In Focus — Martin Parr

Martin Parr has been chronicling and documenting society in a way that clearly reflects the aforementioned quote by Boot. For me he is a master of documenting leisure and even the kitsch side of society. In this lesson he shares with us his methods, and even his editing process. In this last part is you can really put some nice thinking and good effort on. Having access to such things is priceless, and is worth every penny (the course costs $99).

Photographing People

Street photography has been almost a synonym of documenting people or society on urban or rural scenarios. Here the lecturers talk about the challenges and joys that come with photographing people in their natural “habitat”. And well, beyond talking about what it means to them to photograph people, they also share some of their best techniques for approaching strangers both candidly and extremely obviously. Here you also can understand how certain interactions with strangers can go beyond mere street shots.

In Focus — Peter van Agtmael

Peter van Agtmael is perhaps the youngest of the photographers in this course, he works across different subjects and topics, from street to some really harsh global conflicts. Here he shares with us his approach to people on the streets, and you’ll be really surprised of how he sees street photography.

Alternative Approaches — Mark Power

Mark Power really blew my mind away for good. He approaches street with a very different tool, a 5x4 technical camera with a medium format back attached to it. Here we are able to see a consistent photographer working at a really slow pace, and it is amazing to see how easily he can turn into a simple element amount the urban scenarios.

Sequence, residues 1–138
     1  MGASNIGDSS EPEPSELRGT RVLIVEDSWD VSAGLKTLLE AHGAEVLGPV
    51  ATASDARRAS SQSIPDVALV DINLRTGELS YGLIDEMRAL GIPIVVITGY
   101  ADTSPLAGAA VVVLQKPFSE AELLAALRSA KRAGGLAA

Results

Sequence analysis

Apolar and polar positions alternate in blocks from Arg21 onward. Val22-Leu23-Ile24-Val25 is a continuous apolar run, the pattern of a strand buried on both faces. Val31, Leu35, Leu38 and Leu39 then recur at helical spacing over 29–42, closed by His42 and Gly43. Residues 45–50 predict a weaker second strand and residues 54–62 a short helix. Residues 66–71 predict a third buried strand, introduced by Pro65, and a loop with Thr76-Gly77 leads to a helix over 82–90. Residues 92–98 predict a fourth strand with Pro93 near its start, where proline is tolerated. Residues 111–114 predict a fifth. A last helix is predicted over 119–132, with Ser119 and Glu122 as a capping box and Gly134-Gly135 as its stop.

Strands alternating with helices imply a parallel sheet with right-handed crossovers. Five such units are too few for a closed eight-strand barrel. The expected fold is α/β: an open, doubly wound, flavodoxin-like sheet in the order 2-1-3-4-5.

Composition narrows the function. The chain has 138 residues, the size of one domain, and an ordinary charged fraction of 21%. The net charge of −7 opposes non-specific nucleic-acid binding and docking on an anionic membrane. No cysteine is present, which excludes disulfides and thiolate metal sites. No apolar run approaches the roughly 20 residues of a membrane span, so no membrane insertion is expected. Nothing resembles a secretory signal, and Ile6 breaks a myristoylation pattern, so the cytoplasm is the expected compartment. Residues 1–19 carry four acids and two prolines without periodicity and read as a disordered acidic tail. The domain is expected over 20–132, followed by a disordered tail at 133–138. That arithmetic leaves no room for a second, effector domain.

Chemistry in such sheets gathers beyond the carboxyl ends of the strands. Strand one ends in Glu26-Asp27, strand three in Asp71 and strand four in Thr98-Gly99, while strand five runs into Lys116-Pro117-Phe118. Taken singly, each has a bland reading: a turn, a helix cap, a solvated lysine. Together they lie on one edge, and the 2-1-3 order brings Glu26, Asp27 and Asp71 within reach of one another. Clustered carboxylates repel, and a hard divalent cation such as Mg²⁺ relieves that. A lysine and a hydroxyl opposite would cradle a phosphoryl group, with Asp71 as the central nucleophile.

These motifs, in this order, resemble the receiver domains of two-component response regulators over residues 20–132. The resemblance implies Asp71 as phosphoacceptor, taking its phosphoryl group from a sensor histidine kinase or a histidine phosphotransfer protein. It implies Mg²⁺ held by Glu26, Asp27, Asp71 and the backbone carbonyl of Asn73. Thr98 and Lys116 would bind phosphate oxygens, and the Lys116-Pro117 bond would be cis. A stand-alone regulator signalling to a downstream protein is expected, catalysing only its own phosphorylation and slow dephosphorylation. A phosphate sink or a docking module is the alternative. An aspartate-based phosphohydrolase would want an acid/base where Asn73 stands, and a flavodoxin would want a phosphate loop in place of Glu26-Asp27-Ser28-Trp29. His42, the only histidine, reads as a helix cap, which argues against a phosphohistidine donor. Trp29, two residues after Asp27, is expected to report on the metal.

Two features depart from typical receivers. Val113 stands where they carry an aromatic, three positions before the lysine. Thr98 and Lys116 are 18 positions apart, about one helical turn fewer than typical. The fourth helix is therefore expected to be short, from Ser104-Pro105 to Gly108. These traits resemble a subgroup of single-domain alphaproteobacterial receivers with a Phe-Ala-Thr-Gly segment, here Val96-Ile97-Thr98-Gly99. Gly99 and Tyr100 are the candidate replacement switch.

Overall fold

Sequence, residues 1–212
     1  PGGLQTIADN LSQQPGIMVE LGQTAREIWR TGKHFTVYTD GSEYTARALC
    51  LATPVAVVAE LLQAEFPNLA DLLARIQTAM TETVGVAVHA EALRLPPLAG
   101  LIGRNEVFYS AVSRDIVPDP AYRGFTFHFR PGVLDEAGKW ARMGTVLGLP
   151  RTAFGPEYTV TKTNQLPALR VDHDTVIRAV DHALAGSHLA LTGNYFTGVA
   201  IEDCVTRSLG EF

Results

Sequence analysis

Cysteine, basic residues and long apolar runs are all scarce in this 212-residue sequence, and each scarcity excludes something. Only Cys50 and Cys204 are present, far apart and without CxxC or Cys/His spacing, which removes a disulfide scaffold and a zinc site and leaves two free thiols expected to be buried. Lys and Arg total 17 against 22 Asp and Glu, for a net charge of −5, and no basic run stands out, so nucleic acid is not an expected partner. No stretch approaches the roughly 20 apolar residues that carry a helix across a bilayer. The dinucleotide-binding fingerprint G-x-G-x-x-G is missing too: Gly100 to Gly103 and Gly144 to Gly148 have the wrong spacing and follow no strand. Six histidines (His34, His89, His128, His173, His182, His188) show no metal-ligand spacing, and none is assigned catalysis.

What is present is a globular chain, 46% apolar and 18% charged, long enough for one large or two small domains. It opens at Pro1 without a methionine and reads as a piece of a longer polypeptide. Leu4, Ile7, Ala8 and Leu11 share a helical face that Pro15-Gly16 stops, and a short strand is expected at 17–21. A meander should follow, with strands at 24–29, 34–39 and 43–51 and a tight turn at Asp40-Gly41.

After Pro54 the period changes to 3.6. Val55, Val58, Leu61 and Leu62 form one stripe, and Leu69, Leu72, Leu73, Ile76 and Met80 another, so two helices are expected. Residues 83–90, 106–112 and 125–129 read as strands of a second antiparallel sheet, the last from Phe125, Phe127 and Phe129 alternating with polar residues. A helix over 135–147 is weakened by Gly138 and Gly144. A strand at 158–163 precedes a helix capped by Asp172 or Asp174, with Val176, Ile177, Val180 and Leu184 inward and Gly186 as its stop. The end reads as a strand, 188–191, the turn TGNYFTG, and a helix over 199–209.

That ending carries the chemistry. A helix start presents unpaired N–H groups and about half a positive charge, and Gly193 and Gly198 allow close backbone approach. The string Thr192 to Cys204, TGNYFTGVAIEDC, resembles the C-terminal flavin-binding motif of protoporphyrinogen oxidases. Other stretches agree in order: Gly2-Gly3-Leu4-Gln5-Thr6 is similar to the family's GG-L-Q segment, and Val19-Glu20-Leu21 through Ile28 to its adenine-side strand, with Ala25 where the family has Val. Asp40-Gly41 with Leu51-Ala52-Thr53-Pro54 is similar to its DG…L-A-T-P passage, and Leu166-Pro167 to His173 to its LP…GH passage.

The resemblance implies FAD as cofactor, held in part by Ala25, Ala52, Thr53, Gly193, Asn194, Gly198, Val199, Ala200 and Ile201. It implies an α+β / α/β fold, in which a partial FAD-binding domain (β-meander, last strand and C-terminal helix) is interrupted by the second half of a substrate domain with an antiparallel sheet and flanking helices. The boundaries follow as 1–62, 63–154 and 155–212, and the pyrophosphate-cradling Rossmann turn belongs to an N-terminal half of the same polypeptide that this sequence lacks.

Editing — Creating Order out of Chaos

Alright, here is where the true magic of the course happens. After 10 years of documenting the streets, this really got me thinking. The editing process (which is not to be confused with post-processing) is the most important stage for a photographer after mastering the tool. Here is where the role of philosophy blooms as well, and for me is the main reason why you should invest (if not indulge yourselves) in this course.

Here the photographers talk about how they approach the editing stage of their workflow, but if you want to get an even deeper experience about this, I really recommend you this fantastic book. Iconic images are not a product of serendipity, they are product of a conscientious editing process.

Presenting Your Photography

In the last episode of this fantastic course, we receive some insightful advice and guidance on building not only a portfolio or body of work, but a nice thinking process of defining why we need to do it. In this point of history, where we are flooded by images online, learning to know how to present our work is fundamental indeed.

So, Why Art?

We see the world with a unique perspective, built from the sum of our interests, traditions, philosophy, ideas, influences and maturity. As long as we are able to see inside ourselves, we are able to see the world more clearly. The art of street photography is about being able to replicate with our cameras the way we see life surrounding us.

The course is at some point poetic, because it is like photography itself, and I’m very sure that the people at Magnum haven’t noticed the beautiful metaphor they’ve created here. The course is extremely quick, in total it is exactly 165 minutes long, or 2h45m. That is indeed a pretty swift course, and that’s why I think it is poetic. The act of taking a picture is extremely fast, it is what happens after that what makes it absolutely meaningful. And this course is exactly the same, it is what you get by reading at a slow pace the PDF of each episode (which are basically transcripts, photos and quotes from each lecture) and the further readings what makes it nurturing for someone like me. Revisiting the videos, embracing the assignments and looking at those photographers work is where the true magic happens.

You won’t become a better photographer simply by watching the videos and reading the texts, you have to allow yourselves to be inspired but what these people have to share to us.

If anyone at Magnum reads this, please consider passing this idea to the upper levels, make a course on Contact Sheets.

These are the people (mainly photographers) that built the philosophical discourse that you could witness by taking this course:

Originally Published at Light Stalking

Scholar & Writer on Photography | PhD Student | Photographic Guidance https://federicoalegria.com/guidance